Everfuel has today (19th March) revealed its ambition to establish 15 hydrogen refuelling stations in Southern Norway by the end of 2023, as the Danish firm unveils its station roll-out plans.
Established in 2019 as a spin-off from Nel ASA, Everfuel has made no secret of its mission to make green hydrogen commercially viable for zero emission mobility across Europe.
Today’s announcement is part of the company’s Scandinavian green hydrogen fuelling strategy for trucks, buses and cars connecting the main traffic corridors in Norway, Sweden and Denmark.
The station network will initially cover the south of Trondheim in Norway and connect with Everfuel’s hydrogen stations in Sweden and Denmark, Everfuel said in a statement.
“Everfuel is committed to integrating and optimising the green hydrogen value chain at scale for zero emission mobility in Europe,” Jacob Krogsgaard, CEO and founder of Everfuel, said.
“We are taking the lead in connecting safe hydrogen production, distribution and fuelling for end-customers in our Scandinavian home market.
This puts Everfuel at the forefront of the green transition, but it will require substantial capital investment, partnerships with end-users and vehicle providers, and public financial backing.”
Everfuel said development of the Norweigan hydrogen station network is part of its ramp-up phase of the announced plan to invest €1.5bn ($1.8bn) in developing the green hydrogen value chain in Europe and reach €1bn ($1.2bn) of revenue from sale of hydrogen fuel to buses, trucks and cars before 2030.
Large-scale hydrogen fuelling networks are required for the EU and Norway to meet their climate targets.
Norway’s Institute of Transport Economics (TØI) has estimated a national requirement for 3,000 hydrogen buses and 7,000 heavy-duty trucks by 2030 to achieve targeted reductions to carbon emissions.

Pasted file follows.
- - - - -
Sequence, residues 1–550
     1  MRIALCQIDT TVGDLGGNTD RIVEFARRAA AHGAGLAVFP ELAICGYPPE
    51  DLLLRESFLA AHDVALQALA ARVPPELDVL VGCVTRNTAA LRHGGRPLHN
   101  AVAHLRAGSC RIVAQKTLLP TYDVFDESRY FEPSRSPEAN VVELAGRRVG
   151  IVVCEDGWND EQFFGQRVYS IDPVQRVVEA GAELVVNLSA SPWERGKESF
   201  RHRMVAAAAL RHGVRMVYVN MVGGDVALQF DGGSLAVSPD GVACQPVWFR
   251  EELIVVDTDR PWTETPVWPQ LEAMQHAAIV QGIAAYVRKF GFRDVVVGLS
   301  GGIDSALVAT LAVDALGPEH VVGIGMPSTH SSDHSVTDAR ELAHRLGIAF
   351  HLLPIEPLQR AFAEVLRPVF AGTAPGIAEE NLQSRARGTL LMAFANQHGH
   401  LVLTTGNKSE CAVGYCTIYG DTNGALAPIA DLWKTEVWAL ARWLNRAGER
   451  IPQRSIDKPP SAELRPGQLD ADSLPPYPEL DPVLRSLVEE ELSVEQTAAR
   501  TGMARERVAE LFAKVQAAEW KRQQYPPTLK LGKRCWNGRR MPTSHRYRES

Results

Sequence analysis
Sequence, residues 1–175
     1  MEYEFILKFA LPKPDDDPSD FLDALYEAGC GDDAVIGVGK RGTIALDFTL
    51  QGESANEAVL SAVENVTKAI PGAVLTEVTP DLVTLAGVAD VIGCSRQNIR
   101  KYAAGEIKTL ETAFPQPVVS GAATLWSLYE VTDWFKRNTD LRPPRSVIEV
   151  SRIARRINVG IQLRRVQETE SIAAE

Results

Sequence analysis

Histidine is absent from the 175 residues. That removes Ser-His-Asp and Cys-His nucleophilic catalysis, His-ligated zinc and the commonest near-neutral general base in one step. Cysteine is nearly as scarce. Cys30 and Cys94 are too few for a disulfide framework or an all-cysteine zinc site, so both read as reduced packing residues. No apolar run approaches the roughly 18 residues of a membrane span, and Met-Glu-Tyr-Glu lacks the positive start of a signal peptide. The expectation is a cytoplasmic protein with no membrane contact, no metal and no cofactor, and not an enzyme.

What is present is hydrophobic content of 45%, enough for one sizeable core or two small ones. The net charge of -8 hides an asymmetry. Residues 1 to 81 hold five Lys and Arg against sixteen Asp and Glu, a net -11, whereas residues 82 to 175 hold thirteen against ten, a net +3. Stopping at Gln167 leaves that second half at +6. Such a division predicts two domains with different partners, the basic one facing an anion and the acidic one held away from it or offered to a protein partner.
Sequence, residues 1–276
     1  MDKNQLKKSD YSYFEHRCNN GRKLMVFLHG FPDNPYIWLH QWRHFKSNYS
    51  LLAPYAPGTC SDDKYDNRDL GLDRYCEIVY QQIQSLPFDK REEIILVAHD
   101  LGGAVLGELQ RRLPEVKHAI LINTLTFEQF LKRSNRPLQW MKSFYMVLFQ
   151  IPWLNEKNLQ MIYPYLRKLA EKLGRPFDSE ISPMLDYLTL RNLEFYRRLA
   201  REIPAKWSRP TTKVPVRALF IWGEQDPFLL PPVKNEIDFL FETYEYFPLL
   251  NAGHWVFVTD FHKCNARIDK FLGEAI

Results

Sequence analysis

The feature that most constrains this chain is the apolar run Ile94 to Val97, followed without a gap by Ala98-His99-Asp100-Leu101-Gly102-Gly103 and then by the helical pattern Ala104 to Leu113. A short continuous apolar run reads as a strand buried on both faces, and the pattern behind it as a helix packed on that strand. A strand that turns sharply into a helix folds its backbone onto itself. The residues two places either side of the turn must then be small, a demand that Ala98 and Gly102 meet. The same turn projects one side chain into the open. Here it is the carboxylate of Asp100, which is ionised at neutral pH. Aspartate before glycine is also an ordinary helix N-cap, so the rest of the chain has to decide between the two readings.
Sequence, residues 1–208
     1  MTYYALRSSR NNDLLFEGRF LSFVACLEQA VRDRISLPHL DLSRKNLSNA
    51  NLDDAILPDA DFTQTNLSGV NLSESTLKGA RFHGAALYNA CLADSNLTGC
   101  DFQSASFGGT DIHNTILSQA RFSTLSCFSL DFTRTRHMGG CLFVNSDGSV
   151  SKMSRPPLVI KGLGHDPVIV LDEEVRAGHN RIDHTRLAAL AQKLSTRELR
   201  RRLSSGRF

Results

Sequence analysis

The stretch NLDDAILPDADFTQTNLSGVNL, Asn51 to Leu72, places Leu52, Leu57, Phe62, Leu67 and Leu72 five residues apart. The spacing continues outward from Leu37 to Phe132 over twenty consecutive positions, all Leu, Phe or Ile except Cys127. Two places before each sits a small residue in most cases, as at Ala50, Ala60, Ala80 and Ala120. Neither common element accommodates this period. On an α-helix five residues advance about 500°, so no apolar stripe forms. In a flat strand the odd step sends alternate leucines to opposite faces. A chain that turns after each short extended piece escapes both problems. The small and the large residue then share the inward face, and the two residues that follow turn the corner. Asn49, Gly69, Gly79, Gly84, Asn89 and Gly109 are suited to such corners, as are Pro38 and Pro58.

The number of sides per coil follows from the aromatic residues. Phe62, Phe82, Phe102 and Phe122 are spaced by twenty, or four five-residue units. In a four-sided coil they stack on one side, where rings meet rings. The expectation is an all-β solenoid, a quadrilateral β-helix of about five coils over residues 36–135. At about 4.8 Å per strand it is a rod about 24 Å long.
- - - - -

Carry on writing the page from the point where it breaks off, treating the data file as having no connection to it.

Everfuel said it is already in close dialogue with major transport and logistic companies seeking to reduce the footprint of their operations.
“A massive effort is underway to innovate, pursue scale effects and drive down costs across the hydrogen value chain and for the end-user vehicles,” Krogsgaard said.
“With the collective support from governments worldwide this will soon create a self-sustained profitable industry with hydrogen trucks and buses outperforming today’s fossil technology.”
Everfuel said it has mapped out the planned hydrogen station sites in Norway and will now accelerate end-customer dialogues to finalise the roll-out plan and optimise locations based on customer needs and in close cooperation with local authorities.
This will form the basis for securing sites, land-permitting applications and engaging with public funding programs, the company said.
Currently, Everfuel is planning to open one hydrogen station at Hvam by end of April and one in Åsane outside Bergen in July 2021, both serving private vehicles.
The openings have been subject to delays due to Covid-19 travel restrictions and slower-than-expected station approval by authorities.
A large hydrogen station serving both heavy-duty trucks and small cars is scheduled to open at Alna in Oslo in July 2022.
Everfuel is also planning to start filling smaller cars at the Alna site already from the third quarter of 2021 using a mobile fuelling unit.
The next 12-15 sites are planned to be built successively towards the end of 2023.
“These sites are only a starting point for connecting Norway’s biggest cities and meeting demand from professional customers with large vehicle fleets,” said Helge Skaarberg Holen, Business Development Manager for Everfuel in Norway.
“As the volume grows, we intend to expand the hydrogen station network. This is also important to meet future international demand as hydrogen is expected to replace fossil fuel on a massive scale and transporters and tourists heading here will require hydrogen when arriving.”